sd0: 465 GB, 16383 cyl, 16 head, 63 sec, 512 bytes/sect x 976773168 sectors
umass1 at uhub1 port 2 configuration 1 interface 0
umass1: Apple Inc. iPod, rev 2.00/0.01, addr 4
scsibus1 at umass1: 2 targets, 1 lun per target
sd1 at scsibus1 target 0 lun 0:  disk removable
uhidev0 at uhub1 port 4 configuration 1 interface 0
uhidev0: vendor 04d9 VISENTA V1, rev 1.10/1.00, addr 5, iclass 3/1
ukbd0 at uhidev0: 8 modifier keys, 6 key codes
wskbd0 at ukbd0 (mux ignored)
uhidev1 at uhub1 port 4 configuration 1 interface 1
uhidev1: vendor 04d9 VISENTA V1, rev 1.10/1.00, addr 5, iclass 3/1
uhidev1: 3 report ids
ums0 at uhidev1 reportid 1: 3 buttons, W and Z dirs
wsmouse0 at ums0 (mux ignored)
uhid0 at uhidev1 reportid 2: input=2, output=0, feature=0
uhid1 at uhidev1 reportid 3: input=1, output=0, feature=0
sd1: fabricating a geometry
sd1: 7601 MB, 950 cyl, 64 head, 32 sec, 4096 bytes/sect x 1946049 sectors
uhub2 at uhub1 port 6: vendor 03eb Standard USB Hub, class 9/0, rev 1.10/3.00, addr 6
axe0 at uhub2 port 1
axe0: D-LINK CORPORAION DUB-E100, rev 2.00/10.01, addr 7
axe0: Ethernet address 00:80:c8:37:00:e1
ukphy0 at axe0 phy 3: OUI 0x0009c3, model 0x0005, rev. 4
ukphy0: 10baseT, 10baseT-FDX, 100baseTX, 100baseTX-FDX, auto
root on sd0a dumps on sd0b
kern.module.path=/stand/evbmips/7.99.5/modules
WARNING: no TOD clock present
WARNING: using filesystem time
WARNING: CHECK AND RESET THE DATE!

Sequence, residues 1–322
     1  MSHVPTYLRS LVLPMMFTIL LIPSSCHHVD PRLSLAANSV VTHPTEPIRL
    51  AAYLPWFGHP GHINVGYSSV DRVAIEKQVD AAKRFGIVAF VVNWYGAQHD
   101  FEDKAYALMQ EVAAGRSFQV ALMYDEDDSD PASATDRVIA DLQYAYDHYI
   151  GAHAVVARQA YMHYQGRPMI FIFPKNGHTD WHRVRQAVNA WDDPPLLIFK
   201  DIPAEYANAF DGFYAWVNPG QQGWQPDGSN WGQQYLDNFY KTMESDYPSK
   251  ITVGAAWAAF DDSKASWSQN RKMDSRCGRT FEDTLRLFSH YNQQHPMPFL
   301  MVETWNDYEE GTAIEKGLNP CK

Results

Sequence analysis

init: copying out path `/sbin/init' 11
pid 1(init): ABI set to O32 (e_flags=0x70001007)
Thu Mar  5 18:27:33 UTC 2015
Not checking /: fs_passno = 0 in /etc/fstab
swapctl: adding /dev/sd0b as swap device at priority 0
Starting file system checks:
random_seed: /var/db/entropy-file: Not present
Setting tty flags.
Setting sysctl variables:
ddb.onpanic: 1 -> 0
Starting network.
Hostname: ci20
IPv6 mode: autoconfigured host
Configuring network interfaces: axe0.
Adding interface aliases:.
add net default: gateway 192.168.0.1
Waiting for DAD to complete for statically configured addresses...
axe0: link state UP (was UNKNOWN)
Building databases: dev, utmp, utmpx.
Starting syslogd.
Starting rpcbind.
Mounting all file systems...
Clearing temporary files.
Checking quotas: done.
Setting securelevel: kern.securelevel: 0 -> 1
Starting virecover.
Checking for core dump...
savecore: no core dump
Starting local daemons:.
Updating motd.
Starting sshd.
Starting inetd.
Starting cron.
Thu Mar  5 18:27:55 UTC 2015

NetBSD/evbmips (ci20) (console)

login: 
Posted Saturday afternoon, March 7th, 2015 Tags: blog
For quite some time now regular test results have been hovering in the 20-30 failures range, with some variance due to race conditions not always hitting. In the last few weeks the numbers have constantly improved and on both the netbsd-7 branch (heading, hopefully soon, to the release of NetBSD 7.0) and -current, are down to zero unexpected failures for various architectures again.

This is due to many people spending significant amounts of time fixing bugs, submitting problem reports, improving tests, and (not unimportant in the cases at hand) improving the in-tree toolchain.